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Faces of the Arts: Art in Public Places Commission

Dec 08, 2014 11:19AM ● Published by Cate Reynolds

Gallery: Faces of the Arts: Art in Public Places Commission [10 Images] Click any image to expand.

Our periodic series of articles, focusing on local arts organizations, continues this month with the Art in Public Places Commission. A new task force sheds light on the artwork abound in Annapolis.

By Ellen Moyer // Photography by Lisa Shires

An art gallery without walls…this defines Annapolis. The City boasts an art arsenal that includes 60 monuments and sculptures, Tiffany stained glass windows in public buildings and churches, paintings by early American artists, dozens of murals and outdoor art, artworks by internationally known artists, and a series of monument firsts. Annapolis has enough going on in the arts world to be a national arts destination.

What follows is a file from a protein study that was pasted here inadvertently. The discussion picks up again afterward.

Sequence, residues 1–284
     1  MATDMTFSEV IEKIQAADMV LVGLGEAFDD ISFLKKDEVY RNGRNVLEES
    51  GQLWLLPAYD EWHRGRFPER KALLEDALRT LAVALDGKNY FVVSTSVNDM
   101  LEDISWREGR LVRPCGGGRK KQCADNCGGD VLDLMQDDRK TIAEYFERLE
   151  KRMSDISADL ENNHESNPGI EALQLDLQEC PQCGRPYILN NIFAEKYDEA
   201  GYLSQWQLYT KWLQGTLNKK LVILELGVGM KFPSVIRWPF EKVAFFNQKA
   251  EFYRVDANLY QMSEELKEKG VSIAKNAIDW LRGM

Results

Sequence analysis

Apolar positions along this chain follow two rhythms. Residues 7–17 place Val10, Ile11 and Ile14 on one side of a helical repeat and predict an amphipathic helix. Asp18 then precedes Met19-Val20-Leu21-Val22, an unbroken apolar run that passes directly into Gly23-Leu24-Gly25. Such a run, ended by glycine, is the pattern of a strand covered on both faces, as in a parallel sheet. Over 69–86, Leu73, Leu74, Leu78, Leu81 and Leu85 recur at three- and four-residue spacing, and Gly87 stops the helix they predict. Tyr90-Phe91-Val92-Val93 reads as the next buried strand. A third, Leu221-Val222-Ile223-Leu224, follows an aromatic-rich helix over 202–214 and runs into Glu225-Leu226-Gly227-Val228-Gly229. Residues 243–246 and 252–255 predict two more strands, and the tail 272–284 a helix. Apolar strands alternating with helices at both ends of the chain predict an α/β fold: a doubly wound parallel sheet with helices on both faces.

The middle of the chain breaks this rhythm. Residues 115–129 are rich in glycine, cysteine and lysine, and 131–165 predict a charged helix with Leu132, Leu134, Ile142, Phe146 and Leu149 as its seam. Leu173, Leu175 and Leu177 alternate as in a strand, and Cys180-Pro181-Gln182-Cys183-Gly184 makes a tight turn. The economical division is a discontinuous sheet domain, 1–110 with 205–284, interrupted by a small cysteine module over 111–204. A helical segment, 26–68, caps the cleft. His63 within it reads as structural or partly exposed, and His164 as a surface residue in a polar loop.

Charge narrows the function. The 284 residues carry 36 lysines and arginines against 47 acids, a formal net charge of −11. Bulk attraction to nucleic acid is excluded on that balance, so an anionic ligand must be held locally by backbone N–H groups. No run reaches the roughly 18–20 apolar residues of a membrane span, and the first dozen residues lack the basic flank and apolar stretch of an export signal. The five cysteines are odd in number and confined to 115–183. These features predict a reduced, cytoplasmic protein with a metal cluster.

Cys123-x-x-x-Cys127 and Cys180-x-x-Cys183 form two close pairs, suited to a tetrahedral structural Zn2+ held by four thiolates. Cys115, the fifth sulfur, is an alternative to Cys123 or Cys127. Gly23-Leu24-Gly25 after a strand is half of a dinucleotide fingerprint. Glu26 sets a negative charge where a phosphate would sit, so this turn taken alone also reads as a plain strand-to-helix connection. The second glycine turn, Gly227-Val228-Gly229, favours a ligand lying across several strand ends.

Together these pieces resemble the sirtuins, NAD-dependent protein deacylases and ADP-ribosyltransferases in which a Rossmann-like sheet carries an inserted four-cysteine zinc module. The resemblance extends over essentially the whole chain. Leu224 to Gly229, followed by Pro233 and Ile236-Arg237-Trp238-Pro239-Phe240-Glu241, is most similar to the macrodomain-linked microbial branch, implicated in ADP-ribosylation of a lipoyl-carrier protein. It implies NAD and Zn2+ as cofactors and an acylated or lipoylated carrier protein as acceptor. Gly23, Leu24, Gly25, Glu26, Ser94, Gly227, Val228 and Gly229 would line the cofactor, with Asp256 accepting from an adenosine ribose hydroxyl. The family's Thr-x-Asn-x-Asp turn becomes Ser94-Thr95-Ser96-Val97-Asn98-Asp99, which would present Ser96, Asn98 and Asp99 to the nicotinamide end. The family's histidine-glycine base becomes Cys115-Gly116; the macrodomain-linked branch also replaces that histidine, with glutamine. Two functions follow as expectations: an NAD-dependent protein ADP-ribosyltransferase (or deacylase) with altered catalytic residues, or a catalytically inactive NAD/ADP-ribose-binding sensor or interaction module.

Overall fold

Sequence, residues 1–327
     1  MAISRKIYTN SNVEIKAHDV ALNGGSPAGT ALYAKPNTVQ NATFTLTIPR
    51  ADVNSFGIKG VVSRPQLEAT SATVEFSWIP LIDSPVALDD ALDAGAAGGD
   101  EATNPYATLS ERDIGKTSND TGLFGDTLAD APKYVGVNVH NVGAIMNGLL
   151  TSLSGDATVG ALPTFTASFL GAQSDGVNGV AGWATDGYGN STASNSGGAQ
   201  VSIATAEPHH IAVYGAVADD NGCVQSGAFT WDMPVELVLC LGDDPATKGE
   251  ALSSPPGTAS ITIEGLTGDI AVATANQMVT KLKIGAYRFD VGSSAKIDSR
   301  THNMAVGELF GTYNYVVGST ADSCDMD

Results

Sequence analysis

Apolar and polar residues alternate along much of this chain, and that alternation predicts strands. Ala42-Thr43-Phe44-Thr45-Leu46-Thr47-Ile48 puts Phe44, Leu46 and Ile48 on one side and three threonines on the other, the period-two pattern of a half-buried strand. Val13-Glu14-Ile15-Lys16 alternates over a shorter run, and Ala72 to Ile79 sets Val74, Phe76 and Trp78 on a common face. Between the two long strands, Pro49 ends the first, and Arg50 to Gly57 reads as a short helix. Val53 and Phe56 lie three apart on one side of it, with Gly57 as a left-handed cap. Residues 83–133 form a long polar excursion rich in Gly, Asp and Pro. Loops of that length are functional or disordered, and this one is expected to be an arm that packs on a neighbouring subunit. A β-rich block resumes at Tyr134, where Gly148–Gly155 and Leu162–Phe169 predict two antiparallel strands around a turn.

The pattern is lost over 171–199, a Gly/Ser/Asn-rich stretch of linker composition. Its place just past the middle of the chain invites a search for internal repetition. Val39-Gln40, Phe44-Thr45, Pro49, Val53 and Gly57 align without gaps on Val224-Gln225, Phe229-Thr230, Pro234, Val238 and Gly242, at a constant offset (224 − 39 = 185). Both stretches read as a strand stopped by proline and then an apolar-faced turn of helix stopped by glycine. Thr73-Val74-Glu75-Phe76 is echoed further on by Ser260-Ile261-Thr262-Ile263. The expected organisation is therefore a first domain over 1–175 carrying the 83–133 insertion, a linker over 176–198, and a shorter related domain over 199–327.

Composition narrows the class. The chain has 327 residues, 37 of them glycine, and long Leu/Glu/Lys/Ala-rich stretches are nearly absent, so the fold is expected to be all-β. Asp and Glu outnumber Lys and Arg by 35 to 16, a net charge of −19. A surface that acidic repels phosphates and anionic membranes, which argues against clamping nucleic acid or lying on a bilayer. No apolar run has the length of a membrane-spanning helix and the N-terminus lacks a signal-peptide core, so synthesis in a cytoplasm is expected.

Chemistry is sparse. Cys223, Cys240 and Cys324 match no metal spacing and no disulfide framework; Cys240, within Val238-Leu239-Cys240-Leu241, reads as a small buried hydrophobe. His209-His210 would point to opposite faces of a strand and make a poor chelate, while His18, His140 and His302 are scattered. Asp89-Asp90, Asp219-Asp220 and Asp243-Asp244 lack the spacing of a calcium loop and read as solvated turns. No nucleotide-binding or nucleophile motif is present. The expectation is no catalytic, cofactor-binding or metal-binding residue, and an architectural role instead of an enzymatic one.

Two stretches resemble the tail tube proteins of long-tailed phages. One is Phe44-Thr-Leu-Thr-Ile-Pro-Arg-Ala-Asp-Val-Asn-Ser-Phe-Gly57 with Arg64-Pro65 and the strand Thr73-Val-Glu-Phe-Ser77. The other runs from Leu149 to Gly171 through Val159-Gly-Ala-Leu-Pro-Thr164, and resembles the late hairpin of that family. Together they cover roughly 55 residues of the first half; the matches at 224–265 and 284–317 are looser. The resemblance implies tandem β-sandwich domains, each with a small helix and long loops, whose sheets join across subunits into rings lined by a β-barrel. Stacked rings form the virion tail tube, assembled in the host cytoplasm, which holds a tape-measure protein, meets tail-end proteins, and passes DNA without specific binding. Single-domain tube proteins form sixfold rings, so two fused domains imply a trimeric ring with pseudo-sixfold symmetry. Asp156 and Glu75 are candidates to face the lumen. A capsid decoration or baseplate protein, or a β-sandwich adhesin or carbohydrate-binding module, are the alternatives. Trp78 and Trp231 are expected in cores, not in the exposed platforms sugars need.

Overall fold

Given the rich cultural history and the quantity, quality, and diversity of art in Annapolis, a city defined in colonial days as the Athens of America, a City Task Force suggested in 2009 that the city has the potential to become one which is recognized as a national arts destination. “When one thinks of fun towns to visit, what they all have in common is a high level of culture and art,” commented a participant in the City study. And Annapolis has it; we just don’t talk about it.